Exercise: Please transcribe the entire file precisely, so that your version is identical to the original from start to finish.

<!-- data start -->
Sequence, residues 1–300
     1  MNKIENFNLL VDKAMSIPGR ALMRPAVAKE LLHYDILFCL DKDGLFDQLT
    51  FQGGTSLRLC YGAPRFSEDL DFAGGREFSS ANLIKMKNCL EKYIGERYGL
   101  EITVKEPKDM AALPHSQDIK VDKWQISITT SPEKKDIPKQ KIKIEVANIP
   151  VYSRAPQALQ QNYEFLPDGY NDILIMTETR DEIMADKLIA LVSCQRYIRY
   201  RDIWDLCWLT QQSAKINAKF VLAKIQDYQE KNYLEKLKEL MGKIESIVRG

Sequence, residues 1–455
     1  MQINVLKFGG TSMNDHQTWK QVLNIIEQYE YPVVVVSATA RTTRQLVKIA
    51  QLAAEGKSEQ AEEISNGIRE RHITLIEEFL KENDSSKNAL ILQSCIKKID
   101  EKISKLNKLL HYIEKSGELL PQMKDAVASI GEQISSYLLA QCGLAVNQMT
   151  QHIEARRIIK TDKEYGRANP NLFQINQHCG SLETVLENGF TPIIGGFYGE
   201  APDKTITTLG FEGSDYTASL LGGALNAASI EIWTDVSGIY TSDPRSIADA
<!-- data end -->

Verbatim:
Sequence, residues 1–300
     1  MNKIENFNLL VDKAMSIPGR ALMRPAVAKE LLHYDILFCL DKDGLFDQLT
    51  FQGGTSLRLC YGAPRFSEDL DFAGGREFSS ANLIKMKNCL EKYIGERYGL
   101  EITVKEPKDM AALPHSQDIK VDKWQISITT SPEKKDIPKQ KIKIEVANIP
   151  VYSRAPQALQ QNYEFLPDGY NDILIMTETR DEIMADKLIA LVSCQRYIRY
   201  RDIWDLCWLT QQSAKINAKF VLAKIQDYQE KNYLEKLKEL MGKIESIVRG

Sequence, residues 1–455
     1  MQINVLKFGG TSMNDHQTWK QVLNIIEQYE YPVVVVSATA RTTRQLVKIA
    51  QLAAEGKSEQ AEEISNGIRE RHITLIEEFL KENDSSKNAL ILQSCIKKID
   101  EKISKLNKLL HYIEKSGELL PQMKDAVASI GEQISSYLLA QCGLAVNQMT
   151  QHIEARRIIK TDKEYGRANP NLFQINQHCG SLETVLENGF TPIIGGFYGE
   201  APDKTITTLG FEGSDYTASL LGGALNAASI EIWTDVSGIY TSDPRSIADA